A second adjustment that produces essentially the same effect, but provides a very significant increase in adjustment range, involves the positioning of sleeve 66 along bar 64. In the position shown in FIGS. 2A and 2B, a maximum moment arm and mechanical advantage is provided for the counter force from element 31. To reduce the mechanical advantage of the counter force and at the same time the length of traverse of piston 74, the sleeve 66 is moved to the left and secured at a hole 71 closer to pivot pin 63. Various combinations of compressor pressure and sleeve position may be employed to achieve a wide range of counter force adjustments. This same adjustment also affects the rate at which the counter force changes with the progression of the exercising stroke. With sleeve 66 moved all the way to the right, as shown in FIGS. 2A and 2B, the length of traverse of piston 74 is at a maximum. As sleeve 66 is moved to the left, the traverse of piston 74 decreases with minimum traverse achieved when sleeve 66 is secured at the left-hand end of bar 64. The length of traverse of piston 74 affects the rate at which the counter force changes with stroke progression. For purposes of this description, this rate of change will hereinafter be referenced as gain. Thus, the primary purpose of sleeve 66 is to provide three overlapping ranges of resistance. The ranges are necessary to compensate for limitations of the air pressure regulator, and to allow finite readings of the dial face. It also reduces compressor requirements. The range is selected first, then the gain is adjusted, as described in the following paragraph.
A third adjustment is made by altering the position of bar 77 in sleeve 78. As shown in FIGS. 2A and 2B, bar 77 has been moved to its fully upward position which extends pneumatic element 31 to a maximum degree. In this extended condition, the active length of cylinder 73 is greatest so that for a given length of stroke of piston 74, a minimum ratio of maximum to minimum pressure is achieved. As bar 77 is moved to lower positions within sleeve 78, the active length is reduced, the piston stroke covers a greater part of active length and the pressure ratio increases accordingly. Because cylinder pressure at the rest condition is controlled by the regulator 86, this adjustment does not affect force at the beginning of the stroke. The variation in gain that is realized by altering the position of bar 77 does, however, alter the magnitude of the counter force achieved at the end of the stroke.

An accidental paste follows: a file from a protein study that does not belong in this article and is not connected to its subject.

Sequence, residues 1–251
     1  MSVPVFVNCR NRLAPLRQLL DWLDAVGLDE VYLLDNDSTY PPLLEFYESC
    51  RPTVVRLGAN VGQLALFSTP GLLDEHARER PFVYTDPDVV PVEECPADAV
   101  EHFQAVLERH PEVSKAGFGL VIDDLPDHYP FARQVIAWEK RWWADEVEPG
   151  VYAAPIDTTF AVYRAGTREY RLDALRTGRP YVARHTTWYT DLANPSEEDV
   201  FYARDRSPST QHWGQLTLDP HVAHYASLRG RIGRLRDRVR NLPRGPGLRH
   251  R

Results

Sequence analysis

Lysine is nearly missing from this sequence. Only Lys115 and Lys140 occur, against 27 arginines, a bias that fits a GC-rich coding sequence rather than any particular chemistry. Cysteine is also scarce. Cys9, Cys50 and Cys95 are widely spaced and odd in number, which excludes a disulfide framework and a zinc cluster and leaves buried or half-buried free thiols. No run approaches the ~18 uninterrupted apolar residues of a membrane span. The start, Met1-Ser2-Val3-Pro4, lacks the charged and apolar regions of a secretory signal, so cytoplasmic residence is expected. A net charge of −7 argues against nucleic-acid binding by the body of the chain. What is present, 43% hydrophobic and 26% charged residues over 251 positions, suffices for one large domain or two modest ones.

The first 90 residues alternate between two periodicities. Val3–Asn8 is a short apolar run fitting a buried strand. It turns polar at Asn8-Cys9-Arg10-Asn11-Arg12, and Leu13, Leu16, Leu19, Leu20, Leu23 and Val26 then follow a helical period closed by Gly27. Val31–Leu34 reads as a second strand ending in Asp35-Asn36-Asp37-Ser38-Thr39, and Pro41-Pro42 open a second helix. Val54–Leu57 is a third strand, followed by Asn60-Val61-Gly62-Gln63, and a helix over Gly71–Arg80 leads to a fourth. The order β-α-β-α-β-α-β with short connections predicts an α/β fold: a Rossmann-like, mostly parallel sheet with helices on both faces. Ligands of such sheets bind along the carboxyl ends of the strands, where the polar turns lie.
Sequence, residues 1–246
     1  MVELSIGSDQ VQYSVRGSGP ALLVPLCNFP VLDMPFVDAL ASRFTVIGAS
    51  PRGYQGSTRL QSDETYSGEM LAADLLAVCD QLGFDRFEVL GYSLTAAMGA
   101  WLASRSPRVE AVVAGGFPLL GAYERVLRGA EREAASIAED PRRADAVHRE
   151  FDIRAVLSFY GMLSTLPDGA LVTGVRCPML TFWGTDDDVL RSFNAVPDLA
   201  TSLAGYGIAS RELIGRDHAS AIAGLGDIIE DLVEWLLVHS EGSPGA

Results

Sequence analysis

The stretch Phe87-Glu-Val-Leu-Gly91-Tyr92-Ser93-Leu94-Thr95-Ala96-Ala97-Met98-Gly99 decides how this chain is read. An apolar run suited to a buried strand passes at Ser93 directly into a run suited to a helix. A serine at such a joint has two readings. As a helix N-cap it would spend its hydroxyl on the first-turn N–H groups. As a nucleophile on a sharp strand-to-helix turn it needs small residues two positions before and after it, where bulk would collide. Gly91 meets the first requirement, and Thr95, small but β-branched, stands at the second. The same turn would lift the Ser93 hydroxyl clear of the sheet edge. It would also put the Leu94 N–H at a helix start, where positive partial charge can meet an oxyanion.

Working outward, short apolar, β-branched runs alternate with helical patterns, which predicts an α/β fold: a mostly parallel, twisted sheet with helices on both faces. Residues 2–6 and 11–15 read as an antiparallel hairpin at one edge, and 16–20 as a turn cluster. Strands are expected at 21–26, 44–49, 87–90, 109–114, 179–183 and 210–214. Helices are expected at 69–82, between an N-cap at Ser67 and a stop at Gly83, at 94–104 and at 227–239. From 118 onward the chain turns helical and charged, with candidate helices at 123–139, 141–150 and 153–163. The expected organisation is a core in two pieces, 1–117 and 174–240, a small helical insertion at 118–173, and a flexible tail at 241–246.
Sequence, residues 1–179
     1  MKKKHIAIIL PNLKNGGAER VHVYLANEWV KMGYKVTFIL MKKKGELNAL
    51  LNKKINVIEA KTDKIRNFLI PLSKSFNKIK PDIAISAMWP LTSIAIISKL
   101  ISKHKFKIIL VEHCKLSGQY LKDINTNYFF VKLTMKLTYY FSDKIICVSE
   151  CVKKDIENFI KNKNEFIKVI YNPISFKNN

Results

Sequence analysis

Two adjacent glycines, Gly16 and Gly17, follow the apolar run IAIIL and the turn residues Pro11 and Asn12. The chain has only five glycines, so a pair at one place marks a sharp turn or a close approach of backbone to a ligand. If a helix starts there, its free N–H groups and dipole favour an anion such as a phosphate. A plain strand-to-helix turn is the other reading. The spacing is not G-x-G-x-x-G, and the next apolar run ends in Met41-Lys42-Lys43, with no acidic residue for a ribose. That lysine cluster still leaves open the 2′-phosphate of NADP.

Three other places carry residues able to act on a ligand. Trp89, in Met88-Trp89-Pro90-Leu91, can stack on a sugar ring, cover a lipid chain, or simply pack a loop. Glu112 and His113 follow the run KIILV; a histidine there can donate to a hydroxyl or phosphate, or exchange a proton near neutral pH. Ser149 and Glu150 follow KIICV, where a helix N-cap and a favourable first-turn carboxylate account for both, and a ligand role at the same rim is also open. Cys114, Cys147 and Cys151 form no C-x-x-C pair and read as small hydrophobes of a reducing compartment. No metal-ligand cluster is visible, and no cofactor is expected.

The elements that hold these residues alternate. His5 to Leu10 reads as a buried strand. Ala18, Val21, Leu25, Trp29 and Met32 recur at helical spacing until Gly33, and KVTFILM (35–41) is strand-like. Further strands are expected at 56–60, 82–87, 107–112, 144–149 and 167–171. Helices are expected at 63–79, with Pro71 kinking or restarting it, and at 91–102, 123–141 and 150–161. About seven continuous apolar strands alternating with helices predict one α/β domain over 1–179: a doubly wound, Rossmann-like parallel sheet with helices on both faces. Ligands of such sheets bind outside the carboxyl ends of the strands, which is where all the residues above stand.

The independent gain adjustment afforded in connection with adjustable bar 77 is useful in offsetting the change in gain that occurs when sleeve 66 is moved along bar 64 to alter the overall mechanical advantage of the counter or opposing force.
The three adjustment means provided, including compressor pressure, the point of counter force application along lever 29 and the active cylinder length, thus provide a high degree of adjustment flexibility and range. The practiced utilization of these adjustment means makes it possible for the user of the equipment to achieve an apparent constant resistive force at virtually any desired resistance level or, if desired, finish the exercise movement with less or greater perceived resistance than the movement began with.
The full utilization of the force controlling mechanism 12 in connection with the practice of a wide variety of commonly practiced exercise routines is realized through its combination with two specially contrived exercise benches which, together with mechanism 12, comprise the exercising device of the invention. The two benches are the lower exercise bench 14 and the upper exercise bench 15 as referenced earlier.